Marine ecosystems offer several benefits to human communities. To make sustainable use of these benefits, it is necessary to elucidate and conserve marine ecology, and strive to maintain a sustainable natural resource management program. For this reason, understanding the diversity and behavior of both macro-ecosystems and micro-ecosystems are crucial.
Monitoring Artificial Materials and Microbes in Marine Ecosystems explores microbial roles and their interaction with artificial materials in marine environments. After starting with simple topics for beginners, chapters explore methods to detect microorganisms in marine ecosystems and interactions of marine organisms with artificial materials. The sequential progression into advanced topics makes it easier to understand how to solve the reduction in marine-ecosystem viability caused by adverse events. Readers are provided with useful information for rehabilitating marine environments to make them sustainable for communities.
Topics such as marine ecosystems and environmental monitoring assessment, methods to detect microorganisms (viruses and bacteria) and evaluate marine environments, interactions between artificial metallic materials and microorganisms in marine environments has been discussed comprehensively.
This book is intended primarily for marine ecologists, microbiologists, environmental engineers, and engineers associated with industrial projects. This book is also useful as a text for undergraduate and graduate-level courses in marine biology, ecology, and microbiology.
About the Editor:
Dr. Toshiyuki Takahashi received his Ph.D. in Biological Science from Hiroshima University (Hiroshima, Japan). He worked as a Researcher at Time Associate Co., Ltd. (Japan), as an Assistant Professor at Keio University (Yokohama, Japan), and as Assistant Professor and as a full-time lecturer at the Miyakonojo National College of Technology (Miyazaki, Japan). Currently, he is an Associate Professor of the Department of Chemical Science and Engineering of the National Institute of Technology (KOSEN), Miyokonolo College, Japan. Dr. Takahashi has specifically researched the cross-interaction in symbiosis between host cells and algal symbionts. He has also focused on technological developments using microbes and microalgae. He has published several peer-reviewed publications and chapters of scientific books and has been honored with a number of awards and certificates for his researches. Read full Press Release to find out more: https://www.eurekalert.org/pub_releases/2020-02/bsp-mem021920.php
All living organisms face two major challenges: to adjust to constantly changing environment and to protect themselves from pathogens. How organisms integrate responses to these challenges is the subject of this book. Cellular machinery can function properly only in a narrow range of condition. The same is true for multicellular organisms. When conditions deviate from the acceptable range, that creates stress and requires change. Physical stress can be caused by starvation, heat, cold, irradiation, and other factors. In addition, higher animals can experience mental stress caused by fear, neglect, isolation etc. Stress response is a set of measures that preserve homeostasis in the face of environmental changes. Pathogens are another challenge for most life forms. Viruses and mobile genetic elements infect all organisms. Multicellular organisms can also be infected by bacterial and eukaryotic pathogens. These subjects are presented in the first two chapters of the book.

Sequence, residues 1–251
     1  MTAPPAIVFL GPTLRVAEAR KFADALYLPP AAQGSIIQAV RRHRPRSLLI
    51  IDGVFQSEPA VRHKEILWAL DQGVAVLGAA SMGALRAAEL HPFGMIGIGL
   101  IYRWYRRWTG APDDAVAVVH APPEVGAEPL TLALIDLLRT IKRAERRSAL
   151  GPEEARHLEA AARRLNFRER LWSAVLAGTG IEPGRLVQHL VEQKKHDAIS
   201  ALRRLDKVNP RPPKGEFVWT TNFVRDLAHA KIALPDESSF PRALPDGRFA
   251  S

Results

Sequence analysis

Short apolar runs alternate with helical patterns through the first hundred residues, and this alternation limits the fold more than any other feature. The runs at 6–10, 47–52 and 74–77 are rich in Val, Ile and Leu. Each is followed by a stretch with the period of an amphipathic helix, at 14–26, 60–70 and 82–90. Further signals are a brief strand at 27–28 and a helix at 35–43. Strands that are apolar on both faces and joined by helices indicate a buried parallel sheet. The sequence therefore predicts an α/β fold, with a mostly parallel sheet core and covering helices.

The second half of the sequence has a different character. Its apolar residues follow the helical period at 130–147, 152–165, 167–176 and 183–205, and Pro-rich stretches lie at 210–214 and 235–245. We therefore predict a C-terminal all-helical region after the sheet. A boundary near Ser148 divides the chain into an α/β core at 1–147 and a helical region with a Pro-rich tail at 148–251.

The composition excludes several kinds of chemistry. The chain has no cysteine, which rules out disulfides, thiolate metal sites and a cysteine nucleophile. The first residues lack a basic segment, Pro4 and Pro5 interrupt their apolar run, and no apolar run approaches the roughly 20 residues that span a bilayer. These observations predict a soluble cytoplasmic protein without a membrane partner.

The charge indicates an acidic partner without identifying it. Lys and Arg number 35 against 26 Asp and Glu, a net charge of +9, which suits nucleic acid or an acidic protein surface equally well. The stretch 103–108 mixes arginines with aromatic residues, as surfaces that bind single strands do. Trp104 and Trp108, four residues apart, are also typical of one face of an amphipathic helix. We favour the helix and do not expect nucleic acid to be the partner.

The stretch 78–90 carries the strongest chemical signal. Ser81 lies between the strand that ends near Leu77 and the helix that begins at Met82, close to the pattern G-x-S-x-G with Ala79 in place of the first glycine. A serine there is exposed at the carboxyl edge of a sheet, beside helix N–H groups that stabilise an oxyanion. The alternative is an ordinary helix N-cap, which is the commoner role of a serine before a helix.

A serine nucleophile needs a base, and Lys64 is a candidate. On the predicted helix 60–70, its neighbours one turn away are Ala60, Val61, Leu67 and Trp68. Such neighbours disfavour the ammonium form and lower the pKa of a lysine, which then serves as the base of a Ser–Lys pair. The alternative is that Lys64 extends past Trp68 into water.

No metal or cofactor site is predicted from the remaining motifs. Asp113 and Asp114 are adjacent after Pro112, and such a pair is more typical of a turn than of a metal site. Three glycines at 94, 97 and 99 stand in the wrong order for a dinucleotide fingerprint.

The next section presents the elaborate mechanisms of stress and immune responses in bacteria and archaea. A common response to stress in prokaryotes includes, among other means, switching to an alternative transcriptional mode. Prokaryotic immunodefense mechanisms are built on two strategies that are also conserved in eukaryotes. One is innate immunity based on genetically encoded molecules/receptors. The other — adaptive immunity is based on unique molecules/receptors that are created de novo in response to infection.
Eukaryotic stress response is discussed next. Global inhibition of translation, called integrated stress response, is a common reaction to many stresses in eukaryotic cells. In multicellular organisms, most individual cells have autonomous immunodefense mechanisms which function in collaboration with stress response. Some stress responses can participate in immunodefense. A notable example is unfolded protein response. It cleanses the cell of misfolded proteins plus also targets viral proteins because of their difference from cellular proteins. In animals, cellular stress response can trigger cytokine production and systemic response, which includes inflammation and engagement of specialised immune systems. Even subtle changes in homeostasis can activate such a response. The incredible sensitivity of cellular machinery to changes has a dark side; stress and ensuing immune mechanisms such as inflammation and complement can be induced without infection or substantial injury and lead to pathology.
In complex organisms with specialised immune systems, discussed next, the relationship between stress and immunity becomes more complex and sometimes antagonistic. Mental stress can cause activation of immune mechanisms, which, in turn, can affect the brain’s functioning, and behavior. In the recent decade, science has discovered the paramount importance of interaction of all levels of stress response with immunity in the etiology of many human diseases from atherosclerosis to Alzheimer’s. Read out the full version here
Department of Molecular,
Cell & Developmental Biology,
University of California, Los Angeles CA,
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